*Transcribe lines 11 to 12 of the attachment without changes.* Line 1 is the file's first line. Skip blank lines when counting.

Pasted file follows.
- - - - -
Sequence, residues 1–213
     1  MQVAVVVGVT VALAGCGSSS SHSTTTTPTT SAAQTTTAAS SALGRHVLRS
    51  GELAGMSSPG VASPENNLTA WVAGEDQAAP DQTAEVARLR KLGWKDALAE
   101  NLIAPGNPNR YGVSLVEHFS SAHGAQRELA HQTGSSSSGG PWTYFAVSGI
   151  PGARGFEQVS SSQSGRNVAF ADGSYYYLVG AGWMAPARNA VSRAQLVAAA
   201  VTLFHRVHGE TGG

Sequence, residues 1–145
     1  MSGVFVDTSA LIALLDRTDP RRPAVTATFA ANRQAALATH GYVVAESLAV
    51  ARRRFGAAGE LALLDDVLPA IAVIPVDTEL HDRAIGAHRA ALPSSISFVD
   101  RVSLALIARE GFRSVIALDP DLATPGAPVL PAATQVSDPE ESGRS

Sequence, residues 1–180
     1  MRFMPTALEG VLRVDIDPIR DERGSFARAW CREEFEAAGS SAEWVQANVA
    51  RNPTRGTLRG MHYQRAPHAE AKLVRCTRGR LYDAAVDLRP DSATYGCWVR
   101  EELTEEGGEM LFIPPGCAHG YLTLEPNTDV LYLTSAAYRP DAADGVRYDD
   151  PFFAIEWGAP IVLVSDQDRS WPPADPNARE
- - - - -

Sequence, residues 1–180
     1  MRFMPTALEG VLRVDIDPIR DERGSFARAW CREEFEAAGS SAEWVQANVA